Michigan Blood is partnering with the Islamic Society of Midland (ISM) to host a blood and marrow registry drive.
The drive will run from 10 a.m. to 2 p.m. Saturday, September 21 at the Islamic Center of Midland, 1801 N. Stark in Midland. ISM and siblings Jafar and Asma Siddiqui are organizing the drive in memory of their father Dr. Waheed Siddiqui who passed away from a rare form of leukemia in 2011. The Siddiqui family, pioneer members of the Society, hope to carry on Dr. Siddiqui’s legacy by inviting the community to help save lives.
“I gave blood before my father was diagnosed, but it became very real when he got ill,” said Jafar. “My mother and sister have been giving blood regularly for the last few years. When someone goes through this, you find inspiration to help others.”
Due to the severity of Dr. Siddiqui’s illness, the Dow Corning retiree was a candidate to receive a blood stem cell transplant. Despite attempts from family members to provide a match for a transplant, Dr. Siddiqui passed away before a match could be found. Because of the experience, the Siddiqui family and ISM were inspired to add a marrow registry to the blood drive to recruit potential donors to help find a cure for patients suffering from illnesses like leukemia and lymphoma.
Michigan Blood’s Stem Cell Program, a Be The Match Registry affiliate, will help facilitate the recruitment.
“In a continuing effort to give back to the community, we are fully committed to serving in a variety of ways,” said Naveed Khan, president of the Islamic Society of Midland. “One such way is by facilitating a blood and bone marrow drive at the Islamic Center. What better contribution than the gift of life. We believe every step counts towards building a better and stronger nation.”
Jafar says the drive is also significant because it will be held in the mosque his father helped establish. The first Islamic Center in Midland opened its doors in the fall of 2011, only a few months after Dr. Siddiqui passed away.
“The event is extremely special because of the location, which is a huge part of the Islamic community in Midland,” said Jafar. “It’s great to see how the community has grown… and to have a building and an event that is carrying on my father’s legacy.”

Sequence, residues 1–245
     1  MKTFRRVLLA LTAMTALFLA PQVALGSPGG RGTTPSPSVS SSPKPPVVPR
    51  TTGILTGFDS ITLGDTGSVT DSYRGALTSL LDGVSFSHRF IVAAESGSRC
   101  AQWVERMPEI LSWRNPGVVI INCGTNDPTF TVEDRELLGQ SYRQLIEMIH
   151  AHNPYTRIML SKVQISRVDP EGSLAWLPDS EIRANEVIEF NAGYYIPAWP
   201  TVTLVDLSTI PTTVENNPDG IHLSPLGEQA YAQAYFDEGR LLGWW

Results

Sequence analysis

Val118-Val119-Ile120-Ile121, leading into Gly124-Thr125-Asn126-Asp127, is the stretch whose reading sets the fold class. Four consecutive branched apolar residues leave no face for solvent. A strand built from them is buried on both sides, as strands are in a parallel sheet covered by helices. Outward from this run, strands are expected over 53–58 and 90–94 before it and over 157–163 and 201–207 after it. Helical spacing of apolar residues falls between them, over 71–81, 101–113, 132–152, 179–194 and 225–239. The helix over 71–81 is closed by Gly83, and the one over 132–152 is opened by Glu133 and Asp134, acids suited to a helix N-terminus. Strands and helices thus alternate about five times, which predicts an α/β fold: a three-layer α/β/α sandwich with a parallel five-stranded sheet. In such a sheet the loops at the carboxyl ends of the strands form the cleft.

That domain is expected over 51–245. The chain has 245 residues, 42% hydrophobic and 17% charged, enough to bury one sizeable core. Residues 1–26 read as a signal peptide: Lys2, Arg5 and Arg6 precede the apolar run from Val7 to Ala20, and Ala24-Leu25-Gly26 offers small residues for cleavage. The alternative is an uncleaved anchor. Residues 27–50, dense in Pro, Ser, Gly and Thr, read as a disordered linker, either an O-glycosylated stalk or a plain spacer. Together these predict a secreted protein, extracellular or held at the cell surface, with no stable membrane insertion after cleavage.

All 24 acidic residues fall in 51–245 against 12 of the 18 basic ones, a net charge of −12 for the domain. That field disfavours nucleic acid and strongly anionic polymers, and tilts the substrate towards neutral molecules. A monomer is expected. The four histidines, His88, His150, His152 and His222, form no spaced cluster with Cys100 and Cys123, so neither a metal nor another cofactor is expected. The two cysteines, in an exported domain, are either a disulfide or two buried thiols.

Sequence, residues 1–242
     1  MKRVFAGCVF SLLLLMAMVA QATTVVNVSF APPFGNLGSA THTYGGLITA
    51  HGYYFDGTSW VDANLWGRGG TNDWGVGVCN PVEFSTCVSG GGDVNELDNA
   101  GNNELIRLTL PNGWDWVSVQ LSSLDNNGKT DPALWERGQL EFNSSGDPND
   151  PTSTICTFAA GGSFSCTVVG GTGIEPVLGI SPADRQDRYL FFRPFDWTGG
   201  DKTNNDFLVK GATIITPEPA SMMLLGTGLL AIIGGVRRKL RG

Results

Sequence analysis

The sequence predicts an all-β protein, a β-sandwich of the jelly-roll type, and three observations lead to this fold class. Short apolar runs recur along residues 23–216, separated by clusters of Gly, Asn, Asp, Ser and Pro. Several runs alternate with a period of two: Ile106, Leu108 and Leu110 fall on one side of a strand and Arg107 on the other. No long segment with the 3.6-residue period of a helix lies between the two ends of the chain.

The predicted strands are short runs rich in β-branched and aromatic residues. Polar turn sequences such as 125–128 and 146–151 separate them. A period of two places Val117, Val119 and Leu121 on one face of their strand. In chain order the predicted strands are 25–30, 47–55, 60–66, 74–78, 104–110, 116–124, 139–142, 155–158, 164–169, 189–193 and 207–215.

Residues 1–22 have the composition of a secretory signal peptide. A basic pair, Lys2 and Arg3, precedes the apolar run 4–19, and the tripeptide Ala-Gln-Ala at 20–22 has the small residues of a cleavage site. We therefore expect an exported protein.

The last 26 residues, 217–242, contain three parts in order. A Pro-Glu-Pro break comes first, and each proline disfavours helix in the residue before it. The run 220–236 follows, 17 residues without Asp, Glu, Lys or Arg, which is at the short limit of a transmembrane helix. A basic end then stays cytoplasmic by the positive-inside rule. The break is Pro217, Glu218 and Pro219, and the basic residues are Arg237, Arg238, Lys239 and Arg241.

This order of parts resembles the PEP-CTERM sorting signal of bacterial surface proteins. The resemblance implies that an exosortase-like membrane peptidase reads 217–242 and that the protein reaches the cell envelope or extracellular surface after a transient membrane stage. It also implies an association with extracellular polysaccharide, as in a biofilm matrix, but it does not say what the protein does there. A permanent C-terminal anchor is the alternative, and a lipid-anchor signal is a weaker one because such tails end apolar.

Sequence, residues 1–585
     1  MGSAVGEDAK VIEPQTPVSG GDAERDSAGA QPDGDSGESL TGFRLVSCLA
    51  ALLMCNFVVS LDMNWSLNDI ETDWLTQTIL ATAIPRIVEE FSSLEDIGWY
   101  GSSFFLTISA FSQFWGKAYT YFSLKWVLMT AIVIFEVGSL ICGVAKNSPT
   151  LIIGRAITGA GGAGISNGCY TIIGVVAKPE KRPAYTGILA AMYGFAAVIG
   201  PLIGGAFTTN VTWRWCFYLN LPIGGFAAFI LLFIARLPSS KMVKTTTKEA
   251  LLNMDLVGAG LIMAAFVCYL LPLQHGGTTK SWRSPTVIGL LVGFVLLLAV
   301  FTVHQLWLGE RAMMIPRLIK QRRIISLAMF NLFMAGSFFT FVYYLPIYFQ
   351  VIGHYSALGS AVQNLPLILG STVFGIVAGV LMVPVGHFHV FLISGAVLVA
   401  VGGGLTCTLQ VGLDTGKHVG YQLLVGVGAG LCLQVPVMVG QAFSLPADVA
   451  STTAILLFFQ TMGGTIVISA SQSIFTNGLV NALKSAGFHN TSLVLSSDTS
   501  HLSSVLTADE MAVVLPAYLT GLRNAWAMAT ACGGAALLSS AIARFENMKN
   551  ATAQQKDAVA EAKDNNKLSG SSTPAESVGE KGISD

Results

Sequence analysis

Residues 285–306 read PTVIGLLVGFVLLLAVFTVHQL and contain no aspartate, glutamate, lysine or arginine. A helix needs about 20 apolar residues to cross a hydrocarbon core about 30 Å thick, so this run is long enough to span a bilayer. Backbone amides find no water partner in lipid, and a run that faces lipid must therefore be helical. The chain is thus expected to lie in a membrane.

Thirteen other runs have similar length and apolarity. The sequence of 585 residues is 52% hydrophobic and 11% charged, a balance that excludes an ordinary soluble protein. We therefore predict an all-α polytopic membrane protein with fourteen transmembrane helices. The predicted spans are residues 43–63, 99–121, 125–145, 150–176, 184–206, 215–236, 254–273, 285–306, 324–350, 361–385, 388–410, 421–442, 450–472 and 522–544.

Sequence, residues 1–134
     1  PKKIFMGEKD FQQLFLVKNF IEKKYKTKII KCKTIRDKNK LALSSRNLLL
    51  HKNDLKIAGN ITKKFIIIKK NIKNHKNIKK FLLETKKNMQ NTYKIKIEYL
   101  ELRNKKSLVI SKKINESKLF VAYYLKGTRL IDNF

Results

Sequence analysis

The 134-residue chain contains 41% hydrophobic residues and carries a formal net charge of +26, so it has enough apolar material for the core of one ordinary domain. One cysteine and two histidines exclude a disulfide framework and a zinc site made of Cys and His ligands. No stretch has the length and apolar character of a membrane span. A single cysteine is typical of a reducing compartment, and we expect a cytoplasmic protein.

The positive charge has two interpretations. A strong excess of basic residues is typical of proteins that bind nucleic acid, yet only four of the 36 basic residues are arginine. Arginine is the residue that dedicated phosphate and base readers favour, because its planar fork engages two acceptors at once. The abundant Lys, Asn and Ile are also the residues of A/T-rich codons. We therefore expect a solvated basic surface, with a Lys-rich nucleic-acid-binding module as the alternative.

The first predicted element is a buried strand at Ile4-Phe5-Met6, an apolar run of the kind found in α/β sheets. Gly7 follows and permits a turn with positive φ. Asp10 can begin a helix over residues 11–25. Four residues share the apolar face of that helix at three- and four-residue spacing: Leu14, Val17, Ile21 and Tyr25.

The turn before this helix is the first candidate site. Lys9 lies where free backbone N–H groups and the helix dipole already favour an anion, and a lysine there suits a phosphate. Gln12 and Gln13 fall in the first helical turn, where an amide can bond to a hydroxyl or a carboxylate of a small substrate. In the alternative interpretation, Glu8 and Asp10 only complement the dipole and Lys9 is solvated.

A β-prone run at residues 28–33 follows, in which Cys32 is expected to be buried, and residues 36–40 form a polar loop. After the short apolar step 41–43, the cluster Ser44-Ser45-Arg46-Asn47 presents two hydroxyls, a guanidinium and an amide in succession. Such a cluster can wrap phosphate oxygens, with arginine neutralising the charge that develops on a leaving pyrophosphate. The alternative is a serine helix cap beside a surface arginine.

To participate in the drive, donors can visit www.miblood.org or call 1-866-MIBLOOD to make an appointment. Walk-ins are welcome. Any healthy person 17 or older (or 16 with parental consent) who weighs at least 110 pounds may be eligible to give blood every 56 days. Blood donors should bring photo ID (or two forms of non-photo ID). Every person that attempts to donate will be entered to win one of two $50 gift cards.
To join the National Marrow Donor Program’s Be the Match Registry, registrants must be between the ages of 18 and 44. The process includes filling out a health questionnaire and providing a cheek swab. The total cost to add a new member to the Registry is about $100. Michigan Blood fundraises throughout the year to offset the cost of tissue testing necessary for registration. Most often, a majority of these costs are covered and new registry members are asked to contribute only $25. Because of the need to diversify the Registry, those of diverse ethnic backgrounds are able to join at no cost with the help of federal funding. For more information, potential registrants can contact Ryan Heinhuis at (616) 233-8676 or by email at email@example.com.
Michigan Blood hosts 3,700 blood drives a year to help meet the needs of local hospitals across Michigan. In Midland, Michigan Blood is the exclusive blood provider for MidMichigan Medical Center - Midland.